With regards to the non-college-educated, white people who voted for Donald Trump, I can understand (from an academic standpoint) why they may have believed in his bigoted rhetoric or why they may have been willing to look past that rhetoric at the promise of getting back their jobs and being able to rebuild their lives in, generally, isolated areas that are falling apart at the seams. Maybe they voted for Donald Trump because they too were tired of establishment politicians. I can understand how they feel the establishment, particularly the liberals, has failed them by writing them off as nothing more than “white trash.” Point taken. However, I’m also really tired of being told that I have to empathize with them. People of color are always the ones that have to wait, that have to understand, that have to police their tone, that can’t be angry, that must forgive. Why do we have to be the ones to always work around everybody else’s needs? Everybody else’s comfort?

Where are our white, liberal “allies?” Why does it always feel like we’re taking on this fight alone?

I am distraught. I am dejected. I am disappointed. I have been living with a throbbing feeling of discomfort in my stomach for the past few days.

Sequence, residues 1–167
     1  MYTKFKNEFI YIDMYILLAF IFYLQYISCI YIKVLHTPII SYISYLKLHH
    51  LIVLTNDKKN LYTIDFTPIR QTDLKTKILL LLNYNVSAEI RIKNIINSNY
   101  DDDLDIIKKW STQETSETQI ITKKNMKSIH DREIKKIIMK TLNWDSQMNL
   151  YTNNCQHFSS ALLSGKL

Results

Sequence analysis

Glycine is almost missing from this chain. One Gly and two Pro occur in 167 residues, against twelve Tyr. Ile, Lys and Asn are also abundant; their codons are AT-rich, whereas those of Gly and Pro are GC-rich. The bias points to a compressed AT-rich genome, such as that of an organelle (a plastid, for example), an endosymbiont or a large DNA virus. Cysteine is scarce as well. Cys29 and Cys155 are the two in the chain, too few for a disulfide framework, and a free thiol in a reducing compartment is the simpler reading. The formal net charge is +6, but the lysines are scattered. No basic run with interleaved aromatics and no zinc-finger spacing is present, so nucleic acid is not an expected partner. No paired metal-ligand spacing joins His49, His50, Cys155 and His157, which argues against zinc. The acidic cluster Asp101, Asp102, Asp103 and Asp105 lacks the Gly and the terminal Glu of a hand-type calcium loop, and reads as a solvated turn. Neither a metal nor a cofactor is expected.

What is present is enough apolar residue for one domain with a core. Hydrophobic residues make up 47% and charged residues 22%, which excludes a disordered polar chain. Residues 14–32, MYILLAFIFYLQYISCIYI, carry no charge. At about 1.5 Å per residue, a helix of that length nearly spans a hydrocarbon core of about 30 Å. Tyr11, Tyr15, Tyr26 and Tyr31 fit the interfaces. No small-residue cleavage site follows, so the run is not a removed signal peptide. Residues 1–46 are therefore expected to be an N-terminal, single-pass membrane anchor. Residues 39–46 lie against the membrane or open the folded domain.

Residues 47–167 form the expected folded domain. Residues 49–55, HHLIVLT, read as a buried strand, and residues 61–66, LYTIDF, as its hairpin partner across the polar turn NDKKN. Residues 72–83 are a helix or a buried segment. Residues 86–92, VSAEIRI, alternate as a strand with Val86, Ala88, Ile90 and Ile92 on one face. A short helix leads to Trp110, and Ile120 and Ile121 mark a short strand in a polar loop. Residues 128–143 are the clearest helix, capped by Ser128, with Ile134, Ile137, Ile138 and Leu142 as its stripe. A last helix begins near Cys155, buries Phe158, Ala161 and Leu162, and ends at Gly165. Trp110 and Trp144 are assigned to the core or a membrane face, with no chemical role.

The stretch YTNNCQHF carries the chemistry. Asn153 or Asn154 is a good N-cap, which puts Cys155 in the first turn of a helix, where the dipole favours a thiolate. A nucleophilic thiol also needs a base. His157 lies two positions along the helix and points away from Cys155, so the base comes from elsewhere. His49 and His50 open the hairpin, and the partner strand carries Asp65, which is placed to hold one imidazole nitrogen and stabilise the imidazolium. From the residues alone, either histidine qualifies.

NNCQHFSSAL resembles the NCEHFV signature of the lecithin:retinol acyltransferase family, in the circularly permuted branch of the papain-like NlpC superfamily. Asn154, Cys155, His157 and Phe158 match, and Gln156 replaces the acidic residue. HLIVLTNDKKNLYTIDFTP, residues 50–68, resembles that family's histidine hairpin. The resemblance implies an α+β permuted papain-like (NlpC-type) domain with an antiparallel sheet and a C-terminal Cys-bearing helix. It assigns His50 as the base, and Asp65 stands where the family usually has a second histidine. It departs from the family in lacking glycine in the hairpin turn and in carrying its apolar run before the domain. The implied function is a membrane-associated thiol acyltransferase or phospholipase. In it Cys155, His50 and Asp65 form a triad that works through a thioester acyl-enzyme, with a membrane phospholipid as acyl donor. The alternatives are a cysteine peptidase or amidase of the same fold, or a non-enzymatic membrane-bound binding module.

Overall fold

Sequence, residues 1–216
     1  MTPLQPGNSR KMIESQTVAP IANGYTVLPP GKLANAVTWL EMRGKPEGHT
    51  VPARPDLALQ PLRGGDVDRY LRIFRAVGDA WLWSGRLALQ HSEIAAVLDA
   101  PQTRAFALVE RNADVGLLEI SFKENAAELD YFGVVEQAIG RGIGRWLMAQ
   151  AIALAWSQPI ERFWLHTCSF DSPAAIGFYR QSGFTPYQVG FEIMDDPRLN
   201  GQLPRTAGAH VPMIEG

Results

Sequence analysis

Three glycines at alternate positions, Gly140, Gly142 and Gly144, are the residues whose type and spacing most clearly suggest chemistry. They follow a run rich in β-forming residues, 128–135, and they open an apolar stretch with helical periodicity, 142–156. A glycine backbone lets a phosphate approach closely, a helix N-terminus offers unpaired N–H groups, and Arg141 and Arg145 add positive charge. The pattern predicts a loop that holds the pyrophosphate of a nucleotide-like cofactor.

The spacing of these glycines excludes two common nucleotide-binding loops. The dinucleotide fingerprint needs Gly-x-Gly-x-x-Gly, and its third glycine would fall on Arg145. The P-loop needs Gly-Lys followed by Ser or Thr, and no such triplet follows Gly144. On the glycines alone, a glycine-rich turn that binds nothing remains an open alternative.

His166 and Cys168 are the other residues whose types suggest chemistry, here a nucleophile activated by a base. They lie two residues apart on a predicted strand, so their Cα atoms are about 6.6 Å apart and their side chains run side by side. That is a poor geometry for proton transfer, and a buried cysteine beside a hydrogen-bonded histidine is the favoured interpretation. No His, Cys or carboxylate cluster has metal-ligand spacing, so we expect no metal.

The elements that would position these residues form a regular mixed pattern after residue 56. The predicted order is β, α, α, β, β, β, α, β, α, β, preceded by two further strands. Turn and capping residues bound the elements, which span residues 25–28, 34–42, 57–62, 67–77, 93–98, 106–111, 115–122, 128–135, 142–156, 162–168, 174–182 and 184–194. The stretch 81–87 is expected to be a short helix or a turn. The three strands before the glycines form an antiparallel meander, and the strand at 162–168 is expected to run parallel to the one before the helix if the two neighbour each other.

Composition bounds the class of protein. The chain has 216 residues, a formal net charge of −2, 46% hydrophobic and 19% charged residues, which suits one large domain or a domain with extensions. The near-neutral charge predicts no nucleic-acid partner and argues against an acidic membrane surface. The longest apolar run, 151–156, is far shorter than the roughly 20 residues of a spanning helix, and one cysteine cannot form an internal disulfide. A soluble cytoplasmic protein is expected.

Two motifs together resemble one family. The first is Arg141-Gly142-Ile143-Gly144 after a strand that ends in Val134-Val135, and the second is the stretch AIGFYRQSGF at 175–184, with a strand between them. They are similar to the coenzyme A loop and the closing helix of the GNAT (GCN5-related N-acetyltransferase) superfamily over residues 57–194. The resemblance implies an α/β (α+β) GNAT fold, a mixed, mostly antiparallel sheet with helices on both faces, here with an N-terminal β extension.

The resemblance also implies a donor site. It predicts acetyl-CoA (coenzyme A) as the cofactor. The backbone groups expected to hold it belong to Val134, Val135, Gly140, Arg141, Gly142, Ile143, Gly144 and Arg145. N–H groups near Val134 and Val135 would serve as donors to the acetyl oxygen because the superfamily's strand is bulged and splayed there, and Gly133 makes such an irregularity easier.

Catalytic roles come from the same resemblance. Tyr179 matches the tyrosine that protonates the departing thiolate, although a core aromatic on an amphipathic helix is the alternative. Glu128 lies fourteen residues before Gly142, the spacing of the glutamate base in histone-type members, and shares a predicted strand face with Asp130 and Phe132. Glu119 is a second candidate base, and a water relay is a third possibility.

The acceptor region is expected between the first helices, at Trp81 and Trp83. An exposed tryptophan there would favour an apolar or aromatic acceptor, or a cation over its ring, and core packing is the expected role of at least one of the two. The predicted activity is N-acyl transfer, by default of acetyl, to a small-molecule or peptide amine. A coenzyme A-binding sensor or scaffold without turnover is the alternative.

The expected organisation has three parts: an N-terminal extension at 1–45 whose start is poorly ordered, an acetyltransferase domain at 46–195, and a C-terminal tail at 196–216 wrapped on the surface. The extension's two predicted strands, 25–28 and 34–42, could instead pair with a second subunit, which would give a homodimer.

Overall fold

So, friends, I think it’s great that you want to try and identify the concerns of Trump supporters in order to ensure that something like this doesn’t happen again. However, I also ask that, for right now, you be sympathetic of me when I say that I’m not ready to join you in this effort of compassion and forgiveness. I ask that you keep in mind that people of color did not do this to themselves; about six out of 10 white Americans did this to us. I ask you please recognize that, as people from privileged backgrounds, it is a lot easier for you to listen to the concerns of Trump voters than it ever will be for people like me. I ask that you acknowledge the ways that the “elitist,” white liberals have failed people of color as well as the disenfranchised, white poor of rural America. This acknowledgement must be made before a real effort to end bigotry in this country can be made and before we can ensure that something like this never happens again.